Bank Of America To Repay Bailout Funds

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Bank of America says it plans to repay the government bailout funds it received during the credit crisis and after it purchased Merrill Lynch & Co. The move would allow Bank of America, which is trying to recruit a new CEO, to free itself from government restrictions on executive pay that come along with bailout funds.


And in other corporate news, Bank of America says it plans to pay back the $45 billion in rescue funds it received from the government during the financial crisis.

NPR's John Ydstie reports.

JOHN YDSTIE: Bank of America said it would repay the Treasury's TARP rescue program, using more than $26 billion in cash that it has on hand and money raised through the sale of new securities. Three other big banks - Goldman Sachs, JP Morgan Chase and Morgan Stanley - have already gotten permission from the government to pay back TARP. Mike England, chief economist of Action Economics, says the rush by banks to repay TARP may not be the best thing for the economy because it means that they'll have less money to lend.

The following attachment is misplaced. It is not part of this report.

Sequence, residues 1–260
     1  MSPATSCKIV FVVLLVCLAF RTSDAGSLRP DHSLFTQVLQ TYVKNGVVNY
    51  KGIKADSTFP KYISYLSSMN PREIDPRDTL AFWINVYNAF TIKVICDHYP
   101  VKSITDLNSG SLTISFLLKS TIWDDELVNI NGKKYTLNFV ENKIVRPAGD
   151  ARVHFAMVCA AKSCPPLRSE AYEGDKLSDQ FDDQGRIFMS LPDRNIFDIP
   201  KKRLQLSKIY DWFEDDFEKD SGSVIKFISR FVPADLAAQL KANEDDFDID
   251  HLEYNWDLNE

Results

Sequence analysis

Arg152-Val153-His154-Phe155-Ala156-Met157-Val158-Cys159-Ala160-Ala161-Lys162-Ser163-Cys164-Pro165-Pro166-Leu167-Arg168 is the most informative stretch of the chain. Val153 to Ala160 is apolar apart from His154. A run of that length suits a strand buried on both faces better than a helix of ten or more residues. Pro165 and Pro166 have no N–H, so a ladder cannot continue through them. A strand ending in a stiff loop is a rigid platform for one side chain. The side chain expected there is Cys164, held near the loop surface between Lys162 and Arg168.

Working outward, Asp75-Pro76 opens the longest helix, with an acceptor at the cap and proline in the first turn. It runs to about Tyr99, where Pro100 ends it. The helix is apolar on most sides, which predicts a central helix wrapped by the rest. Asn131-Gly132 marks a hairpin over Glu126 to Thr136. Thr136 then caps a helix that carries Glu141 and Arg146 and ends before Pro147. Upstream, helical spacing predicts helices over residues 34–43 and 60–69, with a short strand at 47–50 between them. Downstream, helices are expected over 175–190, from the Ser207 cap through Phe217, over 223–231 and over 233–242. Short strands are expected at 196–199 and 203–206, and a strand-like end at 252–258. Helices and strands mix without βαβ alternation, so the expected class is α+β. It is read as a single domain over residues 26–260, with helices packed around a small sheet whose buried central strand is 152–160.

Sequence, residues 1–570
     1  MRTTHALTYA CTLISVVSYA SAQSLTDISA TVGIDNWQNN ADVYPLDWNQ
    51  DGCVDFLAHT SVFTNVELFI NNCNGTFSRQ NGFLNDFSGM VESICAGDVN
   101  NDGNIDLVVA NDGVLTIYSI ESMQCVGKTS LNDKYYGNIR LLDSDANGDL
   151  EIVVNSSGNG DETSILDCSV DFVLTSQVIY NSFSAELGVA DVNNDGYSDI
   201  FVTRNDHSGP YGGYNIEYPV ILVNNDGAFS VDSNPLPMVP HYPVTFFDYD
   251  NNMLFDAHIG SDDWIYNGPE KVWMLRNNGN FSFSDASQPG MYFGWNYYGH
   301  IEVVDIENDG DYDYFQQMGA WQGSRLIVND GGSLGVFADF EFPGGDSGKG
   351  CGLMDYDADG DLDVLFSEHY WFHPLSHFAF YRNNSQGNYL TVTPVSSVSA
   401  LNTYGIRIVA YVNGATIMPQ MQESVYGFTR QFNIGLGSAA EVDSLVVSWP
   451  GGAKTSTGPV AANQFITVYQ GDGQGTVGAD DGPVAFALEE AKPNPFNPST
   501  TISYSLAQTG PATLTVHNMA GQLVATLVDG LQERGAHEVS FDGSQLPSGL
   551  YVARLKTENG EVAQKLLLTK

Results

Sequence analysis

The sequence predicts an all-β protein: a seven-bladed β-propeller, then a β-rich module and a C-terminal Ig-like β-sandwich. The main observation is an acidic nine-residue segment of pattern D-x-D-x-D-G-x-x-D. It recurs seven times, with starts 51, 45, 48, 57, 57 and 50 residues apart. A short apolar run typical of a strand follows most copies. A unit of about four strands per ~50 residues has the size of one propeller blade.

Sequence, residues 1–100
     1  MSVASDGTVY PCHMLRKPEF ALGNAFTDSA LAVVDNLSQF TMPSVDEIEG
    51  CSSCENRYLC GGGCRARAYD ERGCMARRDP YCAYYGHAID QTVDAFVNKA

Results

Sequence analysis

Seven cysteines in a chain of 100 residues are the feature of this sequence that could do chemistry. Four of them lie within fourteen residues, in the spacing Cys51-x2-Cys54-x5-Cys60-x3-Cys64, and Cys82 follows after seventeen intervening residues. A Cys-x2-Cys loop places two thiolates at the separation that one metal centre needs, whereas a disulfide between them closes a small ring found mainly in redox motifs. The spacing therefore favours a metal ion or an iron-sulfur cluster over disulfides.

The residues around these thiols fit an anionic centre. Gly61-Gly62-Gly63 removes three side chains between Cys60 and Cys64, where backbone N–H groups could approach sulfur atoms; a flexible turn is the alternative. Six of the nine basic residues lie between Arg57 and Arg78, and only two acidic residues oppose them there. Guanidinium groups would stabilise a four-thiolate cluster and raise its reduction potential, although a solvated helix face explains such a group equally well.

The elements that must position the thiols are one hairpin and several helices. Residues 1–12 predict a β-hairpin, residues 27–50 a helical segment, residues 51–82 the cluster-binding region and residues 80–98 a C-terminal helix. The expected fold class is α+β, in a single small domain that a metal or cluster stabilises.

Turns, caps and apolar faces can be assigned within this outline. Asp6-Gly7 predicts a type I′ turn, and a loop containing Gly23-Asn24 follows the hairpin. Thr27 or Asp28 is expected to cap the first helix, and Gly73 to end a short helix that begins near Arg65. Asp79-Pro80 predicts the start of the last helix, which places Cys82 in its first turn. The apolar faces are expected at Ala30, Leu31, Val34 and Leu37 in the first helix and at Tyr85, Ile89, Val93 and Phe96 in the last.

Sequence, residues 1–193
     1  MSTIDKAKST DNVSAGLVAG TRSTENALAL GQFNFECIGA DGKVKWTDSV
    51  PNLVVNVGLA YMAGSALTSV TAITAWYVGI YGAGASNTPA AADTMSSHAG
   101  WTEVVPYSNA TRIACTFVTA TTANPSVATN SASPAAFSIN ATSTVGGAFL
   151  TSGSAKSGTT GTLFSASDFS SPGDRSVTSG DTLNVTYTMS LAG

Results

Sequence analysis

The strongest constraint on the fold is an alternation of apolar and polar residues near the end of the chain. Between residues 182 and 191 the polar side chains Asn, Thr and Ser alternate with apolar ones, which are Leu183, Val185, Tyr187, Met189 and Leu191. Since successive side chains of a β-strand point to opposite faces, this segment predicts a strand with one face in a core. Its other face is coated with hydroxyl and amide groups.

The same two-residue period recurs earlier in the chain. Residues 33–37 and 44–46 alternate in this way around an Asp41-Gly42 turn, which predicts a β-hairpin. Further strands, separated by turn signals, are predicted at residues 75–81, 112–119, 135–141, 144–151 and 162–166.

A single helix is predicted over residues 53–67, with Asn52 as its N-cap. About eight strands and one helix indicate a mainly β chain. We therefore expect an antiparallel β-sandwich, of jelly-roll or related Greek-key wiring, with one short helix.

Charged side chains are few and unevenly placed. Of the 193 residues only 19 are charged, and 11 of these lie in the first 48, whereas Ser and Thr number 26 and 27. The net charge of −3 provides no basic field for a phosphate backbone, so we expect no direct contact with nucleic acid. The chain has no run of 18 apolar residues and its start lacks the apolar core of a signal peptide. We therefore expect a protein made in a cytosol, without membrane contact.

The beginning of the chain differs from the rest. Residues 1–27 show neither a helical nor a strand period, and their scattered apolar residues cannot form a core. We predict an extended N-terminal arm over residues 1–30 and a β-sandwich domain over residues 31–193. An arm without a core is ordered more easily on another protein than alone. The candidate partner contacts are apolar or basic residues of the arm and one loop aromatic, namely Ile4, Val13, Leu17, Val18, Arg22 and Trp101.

Mr. MIKE ENGLAND (Chief Economist, Action Economics): Banks are clearly hoarding cash to pay back the TARP funds. And I think what we're seeing from B of A is probably typical of what we're seeing from other banks that have really pulled back on their lending activity for the purpose of acquiring capital and paying down TARP.

YDSTIE: In a statement announcing the repayment, Bank of America said it has been originating new loans at the rate of $3 billion a day to support the economy. But England says data show overall bank lending contracting since the beginning of the year.

One thing paying back the TARP will do is get B of A out from under government compensation restrictions. Those restrictions could be hampering its search for a new CEO to replace leader Ken Lewis, who is stepping down at the end of the month. A bank spokesman acknowledged the repayment would make B of A more attractive to a CEO candidate.

John Ydstie, NPR News, Washington.

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